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Buxton Climate Change Impacts Laboratory

INVERTEBRATES

The relationships between plant communities and the species that feed on them or on their associated herbivores, is highly complex.


Experiments can provide a microcosm for study, giving an insight into invertebrate life cycles, and how they respond to changes in their hosts and habitats.


 

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OVERVIEW
TREATMENTS
VARIABLES MANIPULATED
CLIMATE EXPERIMENTS

Buxton Climate Change Impacts Laboratory

Harpur Hill

SK17 9JN


j.p.grime@sheffield.ac.uk


Department of Animal and Plant Sciences
Alfred Denny Building
University of Sheffield
Western Bank
Sheffield S10 2TN
UK

Tel:+44 (0)114 2220123
Fax: +44 (0)114 2220002


animal.plant@sheffield.ac.uk



Latitude: 53 20

Plot size:  2 x 2 m

Elevation: 370 m asl

Mean annual rainfall: 1,300 mm

Mean annual temp.: 8 C

pH: 3.9-7.5

Total no. of plant sp. recorded: 60

Main plots:

Orthogonally opposed five-step gradients of soil fertility (NPK additions) and physical disturbance on 2 x 2 m plots.


A total of 36 plots containing the same productivity and disturbance gradients; as a matrix of 25 sub-plot combinations.


All plots were sown with 67 locally collected species.



Fertility (5 step NPK additions 0 to 240 kg / ha)

Disturbance (six variations of gap creation 0-100% bare soil)

Mowing with removal of cuttings to 2.5 cm, 7.5 cm, 15 cm height)

Six combinations and 2 controls of varying treatments for raised winter temperature, summer drought, summer rainfall.


Rainfall

Temperature

Carbon dioxide

U-V B

plant and microbial diversity


Main plots: 3 x 3 m plot in fully randomised block design, replicated 5 times; each with spare plots.



BCCIL is on land owned by the Health and Safety Laboratory, although the experiment is maintained by scientists of University of Sheffield in collaboration with the University of Syracuse, USA. It is funded by the US National Science Foundation.

BIBLIOGRAPHY

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Perennial flax ©P. Wakely/ Natural England, 1987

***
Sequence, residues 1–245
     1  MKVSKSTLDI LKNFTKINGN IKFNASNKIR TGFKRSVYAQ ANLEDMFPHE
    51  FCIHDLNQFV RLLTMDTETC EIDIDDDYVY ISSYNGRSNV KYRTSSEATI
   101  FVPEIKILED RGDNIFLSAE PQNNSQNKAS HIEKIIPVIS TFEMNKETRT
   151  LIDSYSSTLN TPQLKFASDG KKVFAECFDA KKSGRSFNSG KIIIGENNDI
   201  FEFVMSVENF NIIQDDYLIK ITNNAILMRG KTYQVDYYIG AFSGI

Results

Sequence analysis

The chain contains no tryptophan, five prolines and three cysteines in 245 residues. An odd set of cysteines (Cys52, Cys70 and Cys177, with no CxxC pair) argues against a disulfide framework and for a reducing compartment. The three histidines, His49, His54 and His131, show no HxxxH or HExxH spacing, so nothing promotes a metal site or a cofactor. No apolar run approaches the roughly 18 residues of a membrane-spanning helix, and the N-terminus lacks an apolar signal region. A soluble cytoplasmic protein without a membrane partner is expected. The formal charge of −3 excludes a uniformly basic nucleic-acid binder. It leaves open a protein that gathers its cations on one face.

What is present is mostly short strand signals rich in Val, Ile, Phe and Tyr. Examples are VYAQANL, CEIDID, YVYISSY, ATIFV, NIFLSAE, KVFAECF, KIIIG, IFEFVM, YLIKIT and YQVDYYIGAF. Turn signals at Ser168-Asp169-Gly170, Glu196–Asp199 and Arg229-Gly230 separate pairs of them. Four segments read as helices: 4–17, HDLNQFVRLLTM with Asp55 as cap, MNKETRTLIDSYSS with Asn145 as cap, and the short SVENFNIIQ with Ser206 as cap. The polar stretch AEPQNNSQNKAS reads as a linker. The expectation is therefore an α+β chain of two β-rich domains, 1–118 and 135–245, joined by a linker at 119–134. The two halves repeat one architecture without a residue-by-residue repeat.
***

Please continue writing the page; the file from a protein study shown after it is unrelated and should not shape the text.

Calcareous upland grassland

Bi-annual grazing

The experiments, which manipulate fertility, disturbance, rainfall, temperature, carbon dioxide, UVB, plant and microbial diversity of a steep (30 degrees), north-west facing upland limestone grassland, was established in 1990 and developed in 1993.


Initial experiments tested (1) the effects of productivity and disturbance on controlling factors of diversity, invasion and the plant community functions, and (2) the role of different disturbance mechanisms in regeneration and invasion patterns, and the implications this has for maintaining high diversity.


A climate change experiment was initiated in 1993 using heating cables and automated rain guards together with cutting to evaluate the impacts of elevated winter temperatures, controlled summer drought, supplemented summer rainfall, elevated winter temperature and summer drought, elevated winter temperature and supplemented summer rainfall, and ambient controls.


A additional experiment in started in 2002 uses small-scale fumigation technology to compare the responses of small areas of limestone turf to elevated and ambient concentrations of carbon dioxide. Mesocosm experiments at Buxton using clonally propagated herbaceous plants from a local area of calcareous grassland have also been used to study the significance of genetic diversity on species richness in grassland communities.


Results from the experiments at Buxton can be used to define parameters for a number of factors governing the ecology of particular species, as well as the interplay of different factors.


The results also provide a source of measurements to sharpen predictive models of vegetation communities as a result of climate change, nitrogen deposition or carbon dioxide elevation.

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ASSESSMENT FORM